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What is the Secret Sauce to Convert Academic Ideas to Valued Offerings That Prospective Buyers Crave?


A Harvard Business School Healthcare Alumni Association Q&A with Penn Center for Innovation’s Michael D. Moisel, MS, MBA.

Penn Center for Innovation’s Michael D. Moisel, MS, MBA.

Penn Center for Innovation’s Michael D. Moisel, MS, MBA

Michael D. Poisel, MS, MBA, is responsible for managing Penn Center for Innovation (PCI) Ventures (PCIV), assisting the principal investigators with funding strategies, as well as mentoring developing companies. Prior to UPenn, he made investments in enterprise software and business services for NewSpring Capital, Apax Partners, and GE Capital.

Poisel graduated with honors from Rose-Hulman Institute of Technology. He also earned his MS from The Moore School of Engineering of the University of Pennsylvania and an MBA from The Wharton School of Business of the University of Pennsylvania.

Q: For 2023, it was the second year in a row that Penn reported the highest amount of gross licensing revenue among its institutional peers and affiliated startups raised or received over $1 billion in new investment capital, a new high-water mark at Penn. What is PCI’s secret sauce to convert academic ideas to valued offerings that prospective buyers crave?

Poisel: The secret sauce all begins with the world class research that Penn does daily and which is valued by stakeholders given our ranking of number one for NIH Training Grants and number two for NIH funding.1 With 2023’s annual research budget of over $2 billion, many creative ideas are generated and it is PCI’s role to help support Penn leaders with commercializing them. Specifically, our mission is to help accelerate the potential benefits of their research for the Penn ecosystem and society in general.

From a high-level perspective, PCI helps to determine the projected commercial value of the proposed idea. Our team of licensing officers perform the necessary due diligence that looks holistically at not only the net present value, but also societal benefits. As for investment timelines, while early paybacks are valued, we do recognize how some investments are long-term in nature, such as 15 to 20 years for new drugs and maybe even longer for new materials.

Then it is about purposeful communication and engagement with our potential partners, including Fortune 500s, PE/VC firms, and government agencies regarding the estimated value creation of the new ideas. Securing their feedback is crucial as it can result in the team pivoting accordingly.

There are milestones such as filing provisional patents, which are relatively inexpensive and easy to prepare. But as time progresses, PCI helps the inventors make the hard decisions about stopping or continuing. For instance, during the national phase when we’re determining the filing of patents in other countries, that step is expensive, so the leadership team needs to be convinced on the commercial viability before proceeding.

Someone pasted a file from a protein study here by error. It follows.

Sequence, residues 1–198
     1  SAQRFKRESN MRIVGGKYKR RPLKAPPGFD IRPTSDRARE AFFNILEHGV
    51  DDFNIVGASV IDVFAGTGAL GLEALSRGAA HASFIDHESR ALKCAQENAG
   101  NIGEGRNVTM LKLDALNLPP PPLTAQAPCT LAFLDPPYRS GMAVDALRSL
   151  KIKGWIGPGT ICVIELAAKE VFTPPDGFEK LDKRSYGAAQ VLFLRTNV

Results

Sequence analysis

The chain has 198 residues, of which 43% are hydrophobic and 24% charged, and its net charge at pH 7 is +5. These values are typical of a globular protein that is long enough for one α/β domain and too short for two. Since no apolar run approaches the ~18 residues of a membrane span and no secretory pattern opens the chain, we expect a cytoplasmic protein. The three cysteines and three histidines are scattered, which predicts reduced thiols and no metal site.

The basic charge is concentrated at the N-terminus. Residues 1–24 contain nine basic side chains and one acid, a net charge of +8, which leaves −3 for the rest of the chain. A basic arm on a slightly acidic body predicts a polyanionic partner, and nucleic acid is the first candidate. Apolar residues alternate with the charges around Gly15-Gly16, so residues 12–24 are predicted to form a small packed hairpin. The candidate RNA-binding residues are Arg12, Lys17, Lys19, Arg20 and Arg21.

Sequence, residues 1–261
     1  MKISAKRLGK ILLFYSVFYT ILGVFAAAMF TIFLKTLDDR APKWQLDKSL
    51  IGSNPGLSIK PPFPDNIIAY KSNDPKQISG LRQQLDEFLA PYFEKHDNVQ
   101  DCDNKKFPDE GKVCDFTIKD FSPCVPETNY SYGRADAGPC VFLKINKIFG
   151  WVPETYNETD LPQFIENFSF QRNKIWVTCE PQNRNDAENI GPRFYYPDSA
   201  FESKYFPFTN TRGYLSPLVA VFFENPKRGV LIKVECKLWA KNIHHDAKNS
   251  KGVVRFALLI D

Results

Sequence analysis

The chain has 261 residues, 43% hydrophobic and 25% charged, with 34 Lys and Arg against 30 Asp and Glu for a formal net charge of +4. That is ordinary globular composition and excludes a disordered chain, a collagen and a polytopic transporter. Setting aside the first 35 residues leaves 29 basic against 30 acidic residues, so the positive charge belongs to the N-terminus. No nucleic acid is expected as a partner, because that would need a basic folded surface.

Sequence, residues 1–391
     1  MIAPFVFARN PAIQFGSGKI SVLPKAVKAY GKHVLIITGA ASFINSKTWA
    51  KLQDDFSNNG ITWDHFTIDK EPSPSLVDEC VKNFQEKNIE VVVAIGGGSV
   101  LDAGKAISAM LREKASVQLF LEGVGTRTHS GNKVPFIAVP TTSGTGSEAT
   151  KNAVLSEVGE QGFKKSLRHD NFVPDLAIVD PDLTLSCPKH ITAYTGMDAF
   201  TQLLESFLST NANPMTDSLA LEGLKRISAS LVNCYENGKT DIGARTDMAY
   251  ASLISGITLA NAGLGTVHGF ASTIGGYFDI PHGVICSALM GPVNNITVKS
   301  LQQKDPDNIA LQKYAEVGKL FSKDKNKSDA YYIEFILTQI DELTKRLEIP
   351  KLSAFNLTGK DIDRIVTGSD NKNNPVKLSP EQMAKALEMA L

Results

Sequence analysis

Depending on PCI’s chosen strategy for each technology, we will either attempt to license the innovation or create a spinout company, through its subsidiary PCIV, that will more fully develop the discovery before handing it off to a corporate partner. If we choose the spinout path, PCIV has a five-step playbook intended to help catalyze commercial activity and translational impact regardless of the research area from which it was developed.

Leveraging the work of Penn’s subject matter experts, entrepreneurial teams develop a plan for the business, allowing Penn professors to focus on what they do best, world-class research. The PCIV team helps address the multiple commercialization requirements including:

  • Company formation
  • Team recruitment
  • Business development
  • Capital acquisition
  • Business operations

For example, PCIV matches company projects to entrepreneurs with the experience and capabilities necessary to begin building out the team and infrastructure of the company. For capital acquisition, PCIV provides comprehensive support that founders need to produce high-quality grant applications that are well positioned to secure commercialization awards as well as introductions to a myriad of private investors.

And for business operations, PCIV has developed a library of legal document templates (e.g., operating agreement, management agreement, convertible note, etc.) to reduce early-stage legal expenses. Lastly, PCIV stays involved in the development of the company as a business advisor and often board member until the team can stand on their own. I’ll include a video where you can learn more about these services.

About the Author

Michael Wong is a part-time Lecturer for the Wharton Communication Program at the University of Pennsylvania. As an Emeritus Co-President and board member of the Harvard Business School Healthcare Alumni Association as well as a Contributing Writer for the MIT Sloan Career Development Office, Michael’s ideas have been shared in the Harvard Business Review and MIT Sloan Management Review.


1. https://research.upenn.edu/research-at-penn/by-the-numbers/

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